Opinions, Column

Canceling Student Loan Debt is the Right Thing to Do

When thinking about what I wanted to write about for my last political column before I graduate, I had no shortage of options—among the war in Ukraine, the proliferation of efforts to restrict the rights of LGBTQ+ youth, and the rising costs of basic necessities things are looking pretty bleak. With graduation just around the corner, however, there is one policy failure in particular that I am about to become intimately acquainted with: the student loan debt crisis. 

At the time I’m writing, student loan borrowers in the United States collectively owe $1.7 trillion, a figure that has skyrocketed 144 percent in the past 15 years. About 45 million people nationwide are affected by student loan debt. Student loan debt, unlike other debt, is nearly impossible to escape from by declaring bankruptcy (made even more difficult by President Joe Biden’s administration’s penchant for fighting against struggling borrowers in bankruptcy proceedings). The weight of these loans can be crushing and can haunt borrowers for decades. Every year, about a million people default on their student loans, and one in 14 have reported suicidal thoughts directly tied to the inescapable burden of their student debt. 

To 18-year-olds eager to go to college and set themselves up for success, private loan companies and the federal government have an easy sell— students take on an average of $40,000 in student loans with the promise of the opportunity to leverage their degrees, get a good job, and pay it back. Lenders prey on lower- and middle-income teenagers, telling them the best way to cling onto the middle class is to take on more debt. In reality, this could not be farther from the truth. Student loan collection companies like Navient create financial precarity, often providing misleading information to borrowers, deliberately tricking them into extending repayment periods, paying more in interest, and concealing ways that payments can be lowered. The student loan racket is a sinkhole, tanking the credit and financial stability of working-class people who just want to get a college education.     

Biden has the power to unilaterally forgive up to $50,000 of student loan debt for every borrower under a federal loan. Under the Higher Education Act, the president has the power to issue an executive order for student debt cancellation, and this could be done without having to work with Congress, leaving no possibility for the policy being derailed by one conservative Democratic senator. Canceling $50,000 for each borrower across the board would effectively wipe out 80 percent of student loan debt, and would provide much-needed relief.

Forgiving student loan debt would have a massive impact, not only on individuals, but on the economy as a whole. Economists say that canceling student debt would be one of the best ways to prevent a recession without further fueling inflation, since it is unlikely to have an impact on day-to-day spending. Freeing people from crushing debt would ripple positively across the economy as a whole—previously overburdened borrowers would be given some space to breathe, allowing them to buy a home, start a business, have children, and save for retirement. Almost 36 million people would be able to put thousands of extra dollars each year into investing in their own quality of life. Forgiving student debt is a moral imperative.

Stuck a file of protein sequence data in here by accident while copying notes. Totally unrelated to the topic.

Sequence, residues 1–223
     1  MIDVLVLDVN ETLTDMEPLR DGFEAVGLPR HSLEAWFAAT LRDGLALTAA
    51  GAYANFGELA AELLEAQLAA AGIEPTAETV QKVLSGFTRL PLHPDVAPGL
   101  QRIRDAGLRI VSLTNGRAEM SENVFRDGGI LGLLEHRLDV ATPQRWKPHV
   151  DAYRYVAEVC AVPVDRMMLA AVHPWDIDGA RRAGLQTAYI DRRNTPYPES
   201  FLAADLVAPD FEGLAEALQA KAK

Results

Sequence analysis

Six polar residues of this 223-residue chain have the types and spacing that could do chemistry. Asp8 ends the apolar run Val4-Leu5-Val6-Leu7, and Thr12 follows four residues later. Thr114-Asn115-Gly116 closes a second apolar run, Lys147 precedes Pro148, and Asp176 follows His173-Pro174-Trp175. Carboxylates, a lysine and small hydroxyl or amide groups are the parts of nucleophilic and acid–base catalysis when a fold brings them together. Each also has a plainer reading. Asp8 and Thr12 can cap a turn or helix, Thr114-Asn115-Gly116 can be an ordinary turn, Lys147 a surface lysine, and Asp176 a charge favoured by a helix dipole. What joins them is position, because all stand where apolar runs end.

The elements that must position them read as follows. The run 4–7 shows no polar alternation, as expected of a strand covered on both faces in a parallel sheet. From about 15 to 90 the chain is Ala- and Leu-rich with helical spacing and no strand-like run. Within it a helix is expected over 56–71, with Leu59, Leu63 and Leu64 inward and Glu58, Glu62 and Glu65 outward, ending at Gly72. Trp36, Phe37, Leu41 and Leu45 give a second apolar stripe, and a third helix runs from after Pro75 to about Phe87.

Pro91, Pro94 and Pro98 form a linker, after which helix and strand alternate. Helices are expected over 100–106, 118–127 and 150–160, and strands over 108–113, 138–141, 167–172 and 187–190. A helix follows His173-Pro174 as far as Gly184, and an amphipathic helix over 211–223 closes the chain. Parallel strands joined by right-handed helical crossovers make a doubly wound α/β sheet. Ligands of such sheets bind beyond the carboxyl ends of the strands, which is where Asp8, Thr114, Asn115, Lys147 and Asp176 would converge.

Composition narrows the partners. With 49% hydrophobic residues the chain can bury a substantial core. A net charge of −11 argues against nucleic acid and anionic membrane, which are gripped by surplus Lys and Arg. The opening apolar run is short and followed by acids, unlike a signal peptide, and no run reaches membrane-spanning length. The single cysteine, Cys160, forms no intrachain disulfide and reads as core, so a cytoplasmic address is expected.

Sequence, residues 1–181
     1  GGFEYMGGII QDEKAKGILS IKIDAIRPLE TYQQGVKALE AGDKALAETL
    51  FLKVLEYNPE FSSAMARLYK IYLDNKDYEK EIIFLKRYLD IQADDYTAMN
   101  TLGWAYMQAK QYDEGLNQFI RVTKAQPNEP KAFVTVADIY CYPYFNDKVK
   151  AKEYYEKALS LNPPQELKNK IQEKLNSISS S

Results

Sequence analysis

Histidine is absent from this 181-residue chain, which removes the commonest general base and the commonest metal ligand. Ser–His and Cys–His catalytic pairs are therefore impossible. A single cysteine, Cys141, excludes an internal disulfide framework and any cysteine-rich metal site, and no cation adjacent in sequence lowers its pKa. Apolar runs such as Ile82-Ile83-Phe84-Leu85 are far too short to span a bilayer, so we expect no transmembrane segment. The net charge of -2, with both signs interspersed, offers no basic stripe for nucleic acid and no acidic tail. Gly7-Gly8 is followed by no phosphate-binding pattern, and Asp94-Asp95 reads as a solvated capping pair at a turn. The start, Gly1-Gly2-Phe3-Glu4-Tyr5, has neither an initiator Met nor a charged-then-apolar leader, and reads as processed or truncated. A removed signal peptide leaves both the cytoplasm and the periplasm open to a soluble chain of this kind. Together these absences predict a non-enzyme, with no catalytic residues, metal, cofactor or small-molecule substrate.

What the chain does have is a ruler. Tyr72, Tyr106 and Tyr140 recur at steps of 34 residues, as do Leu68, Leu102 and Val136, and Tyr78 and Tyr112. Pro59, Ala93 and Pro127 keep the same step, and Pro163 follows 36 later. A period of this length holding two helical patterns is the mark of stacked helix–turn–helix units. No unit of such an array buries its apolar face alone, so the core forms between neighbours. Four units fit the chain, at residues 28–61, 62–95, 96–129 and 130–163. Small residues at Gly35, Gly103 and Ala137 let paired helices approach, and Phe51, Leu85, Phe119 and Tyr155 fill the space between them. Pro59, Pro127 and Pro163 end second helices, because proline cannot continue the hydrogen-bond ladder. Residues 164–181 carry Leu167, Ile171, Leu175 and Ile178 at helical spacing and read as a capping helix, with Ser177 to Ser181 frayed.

Beyond being the right thing to do, canceling student loan debt would deliver Biden a much-needed political victory, especially among the younger voters that Democrats need to turn out for the midterms in November. Recent polls show that young voters are rapidly turning on Biden— 50 percent of people under 30 explicitly disapprove of the Biden administration. In 2020, young people turned out for Biden as a reaction against Trump, and Biden has not done enough to motivate this demographic to support him now that Trump is out of office. Two-thirds of Generation Z and 80 percent of millenials support some form of student loan forgiveness. With the Build Back Better bill stalled for the foreseeable future, rising inflation, and low approval ratings, Biden should be searching for an easy political win—student loan debt forgiveness could provide the boost Democrats need. Opposition to debt cancellation fails to properly weigh the moral and economic benefits that would result. One protest that often comes up is that forgiveness of loans is unfair to people who have already paid, but the fact that people suffered in the past does not seem like a compelling reason to prevent people from suffering in the present and the future. Another common criticism is that blanket forgiveness would extend debt relief to the wealthy. There is substantial evidence that universal programs are better than means-tested programs at improving the material conditions of low-income people. The success of loan forgiveness would be well worth the cost of paying off the debt of the few wealthy people who have it in the first place. For the sake of equity, economic practicality, and political strategy, canceling student loan debt is the clear answer.

April 24, 2022